Thibodeau, now coaching Minnesota, said recently what he said then: “The technology has been good. They want to get [the call] right.”

Other coaches, asked about the replay “timeout” while in Chicago for their annual meetings late last month, offered a range of opinions.

“You can get lucky on those, if you have no timeouts,” Charlotte’s Steve Clifford said. “But I don’t know how you’d be able to address that. If you try to make your officials the security on [keeping players away from the bench], you’re just going to get into some, to me, uncomfortable situations.”

Said Oklahoma City’s Billy Donovan: “Yes, there are times you can bring your team over and utilize it as if it’s a timeout. But you can’t count on those. And I think the officials like when the players go back to the benches, just to clear the court. They don’t want guys walking around, going to the scorers’ table, while they’re trying to get the play right.”

At the Board of Governors meeting in Las Vegas in July, after which the new timeout rules were announced, NBA commissioner Adam Silver was asked about the ersatz timeouts during reviews and the possibility of requiring players, for instance, to wait in the paint farthest from their coaches.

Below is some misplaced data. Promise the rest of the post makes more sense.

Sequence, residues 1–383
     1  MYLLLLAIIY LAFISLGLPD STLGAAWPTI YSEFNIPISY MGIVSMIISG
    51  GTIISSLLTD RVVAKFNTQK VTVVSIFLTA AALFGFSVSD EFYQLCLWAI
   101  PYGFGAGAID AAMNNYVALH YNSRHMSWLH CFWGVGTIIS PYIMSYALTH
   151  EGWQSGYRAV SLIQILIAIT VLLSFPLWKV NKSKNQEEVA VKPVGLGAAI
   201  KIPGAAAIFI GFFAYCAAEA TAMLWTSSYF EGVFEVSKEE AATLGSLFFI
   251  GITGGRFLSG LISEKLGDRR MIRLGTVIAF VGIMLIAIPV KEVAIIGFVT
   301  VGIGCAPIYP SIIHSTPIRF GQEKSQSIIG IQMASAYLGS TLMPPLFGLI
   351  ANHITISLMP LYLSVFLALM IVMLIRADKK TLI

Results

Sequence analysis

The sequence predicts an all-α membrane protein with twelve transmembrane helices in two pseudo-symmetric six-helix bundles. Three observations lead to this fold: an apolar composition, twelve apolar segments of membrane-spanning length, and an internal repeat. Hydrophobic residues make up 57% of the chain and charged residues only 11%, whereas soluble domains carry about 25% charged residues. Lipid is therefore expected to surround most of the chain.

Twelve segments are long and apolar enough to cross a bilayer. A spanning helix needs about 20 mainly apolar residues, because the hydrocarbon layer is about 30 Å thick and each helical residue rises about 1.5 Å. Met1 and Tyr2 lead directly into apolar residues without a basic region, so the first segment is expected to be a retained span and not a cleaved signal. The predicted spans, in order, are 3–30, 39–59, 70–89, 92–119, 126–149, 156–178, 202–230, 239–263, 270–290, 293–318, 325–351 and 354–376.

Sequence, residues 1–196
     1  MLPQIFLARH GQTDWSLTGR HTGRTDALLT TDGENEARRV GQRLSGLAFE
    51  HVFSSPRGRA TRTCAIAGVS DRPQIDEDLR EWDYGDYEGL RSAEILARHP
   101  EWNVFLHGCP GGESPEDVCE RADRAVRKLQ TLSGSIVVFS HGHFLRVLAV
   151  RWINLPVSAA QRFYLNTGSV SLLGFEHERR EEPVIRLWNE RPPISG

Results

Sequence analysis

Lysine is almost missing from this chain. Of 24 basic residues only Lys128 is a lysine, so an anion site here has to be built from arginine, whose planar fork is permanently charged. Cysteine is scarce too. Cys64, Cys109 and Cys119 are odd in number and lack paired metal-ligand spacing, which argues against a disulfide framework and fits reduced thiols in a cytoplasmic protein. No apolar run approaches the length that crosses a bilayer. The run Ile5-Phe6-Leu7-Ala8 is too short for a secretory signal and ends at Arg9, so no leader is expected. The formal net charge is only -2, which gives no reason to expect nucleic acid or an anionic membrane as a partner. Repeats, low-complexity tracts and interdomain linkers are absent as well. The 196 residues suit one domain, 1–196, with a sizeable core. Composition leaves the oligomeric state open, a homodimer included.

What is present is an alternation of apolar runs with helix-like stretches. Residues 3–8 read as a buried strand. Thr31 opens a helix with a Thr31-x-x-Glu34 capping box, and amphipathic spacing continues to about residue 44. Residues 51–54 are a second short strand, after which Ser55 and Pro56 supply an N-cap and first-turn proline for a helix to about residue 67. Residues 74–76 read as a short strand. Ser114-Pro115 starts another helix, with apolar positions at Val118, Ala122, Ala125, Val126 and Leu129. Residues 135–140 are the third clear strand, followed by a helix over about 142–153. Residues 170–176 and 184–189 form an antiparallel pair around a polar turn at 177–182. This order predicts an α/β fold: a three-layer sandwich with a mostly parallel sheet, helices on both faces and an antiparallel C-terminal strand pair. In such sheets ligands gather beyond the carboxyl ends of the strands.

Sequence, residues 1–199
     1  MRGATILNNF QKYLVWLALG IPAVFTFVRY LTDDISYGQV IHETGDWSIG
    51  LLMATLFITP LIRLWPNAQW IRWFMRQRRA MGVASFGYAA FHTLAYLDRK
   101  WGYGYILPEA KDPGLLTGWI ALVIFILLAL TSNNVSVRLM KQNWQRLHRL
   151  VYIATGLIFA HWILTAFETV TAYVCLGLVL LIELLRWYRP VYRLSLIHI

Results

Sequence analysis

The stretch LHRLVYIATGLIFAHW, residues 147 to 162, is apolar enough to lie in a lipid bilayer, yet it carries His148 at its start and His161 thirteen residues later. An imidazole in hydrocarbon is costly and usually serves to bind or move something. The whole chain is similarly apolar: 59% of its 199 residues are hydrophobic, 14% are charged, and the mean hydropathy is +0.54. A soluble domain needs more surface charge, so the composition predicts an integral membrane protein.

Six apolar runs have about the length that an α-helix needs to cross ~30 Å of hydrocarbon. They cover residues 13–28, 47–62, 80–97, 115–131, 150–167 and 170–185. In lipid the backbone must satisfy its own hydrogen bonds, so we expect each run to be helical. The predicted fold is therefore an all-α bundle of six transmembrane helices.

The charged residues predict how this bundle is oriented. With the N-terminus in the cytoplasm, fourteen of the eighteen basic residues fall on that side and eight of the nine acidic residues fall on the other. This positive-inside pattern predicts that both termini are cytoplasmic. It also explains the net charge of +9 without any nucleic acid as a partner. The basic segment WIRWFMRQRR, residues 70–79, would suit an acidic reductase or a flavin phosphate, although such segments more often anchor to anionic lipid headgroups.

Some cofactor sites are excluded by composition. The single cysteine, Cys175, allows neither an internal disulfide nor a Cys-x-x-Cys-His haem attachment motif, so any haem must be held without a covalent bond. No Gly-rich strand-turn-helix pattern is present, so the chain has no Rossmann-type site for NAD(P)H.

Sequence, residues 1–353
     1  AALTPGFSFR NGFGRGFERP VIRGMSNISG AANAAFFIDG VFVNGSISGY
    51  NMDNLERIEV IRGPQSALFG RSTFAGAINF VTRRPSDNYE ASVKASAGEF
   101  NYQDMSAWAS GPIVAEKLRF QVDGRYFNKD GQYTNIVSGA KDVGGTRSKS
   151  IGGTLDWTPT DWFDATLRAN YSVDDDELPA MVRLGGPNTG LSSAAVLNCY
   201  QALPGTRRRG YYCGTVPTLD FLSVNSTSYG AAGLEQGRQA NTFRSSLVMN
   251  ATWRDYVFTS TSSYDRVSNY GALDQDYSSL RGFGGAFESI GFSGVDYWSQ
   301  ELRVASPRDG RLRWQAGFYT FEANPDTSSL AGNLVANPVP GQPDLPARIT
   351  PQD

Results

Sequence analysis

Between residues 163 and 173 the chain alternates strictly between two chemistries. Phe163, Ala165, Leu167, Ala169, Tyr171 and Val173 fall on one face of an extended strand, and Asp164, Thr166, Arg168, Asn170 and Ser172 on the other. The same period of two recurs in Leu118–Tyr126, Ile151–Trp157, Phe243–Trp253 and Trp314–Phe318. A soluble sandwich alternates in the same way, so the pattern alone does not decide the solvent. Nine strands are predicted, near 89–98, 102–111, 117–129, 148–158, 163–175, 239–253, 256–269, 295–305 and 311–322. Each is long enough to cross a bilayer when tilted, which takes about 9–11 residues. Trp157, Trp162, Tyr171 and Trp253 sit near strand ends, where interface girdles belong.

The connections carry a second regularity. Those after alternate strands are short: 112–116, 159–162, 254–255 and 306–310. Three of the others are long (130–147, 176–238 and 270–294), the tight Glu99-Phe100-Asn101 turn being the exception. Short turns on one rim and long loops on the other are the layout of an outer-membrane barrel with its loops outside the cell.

“Ultimately the view was if there’s a break in action, it seems artificial and silly to suggest that coaches can’t speak to their players,” Silver said. “Our teams are so smart, they’ll be sending hand signals … I think it was just one area we decided the league didn’t need to intrude.”

Silver did mention the tweaks to the replay process the league has embraced in recent years to expedite reviews. Streamlining the time needed would erode a review’s value in installing a new play or grabbing an unofficial breather.

But they’re still there, ready to mess with pace and flow while randomly rewarding heavy timeout users.

That’s why Jeff Van Gundy, former Knicks and Rockets coach turned ABC/ESPN analyst, recommends action on two fronts.

“The first thing I would like to do is really cut back on the things we replay and review,” Van Gundy said Thursday. “I think replay is good for the officials but awful for the game. At the critical times, the most enjoyable times, we often have these lulls to go over and look at a monitor. So that would be Step 1.

“Step 2 would be, if they do go over there, wouldn’t it be great if each arena had a Cone of Silence that the five guys had to stand under? Go back to the ‘Get Smart’ days. It would drop down and all five guys on each team would have to stand under that Cone of Silence. What a great marketing opportunity for some company, and the NBA to make more money.”

Sort of like the old soundproof booths from the TV quiz shows, to prevent any extracurricular strategizing.

“Because it is sort of absurd for a team – ball’s out of bounds, they have no timeouts – [to] have a timeout that they haven’t earned,” Van Gundy said. “So I wish something could be done. Most likely, nothing will be.”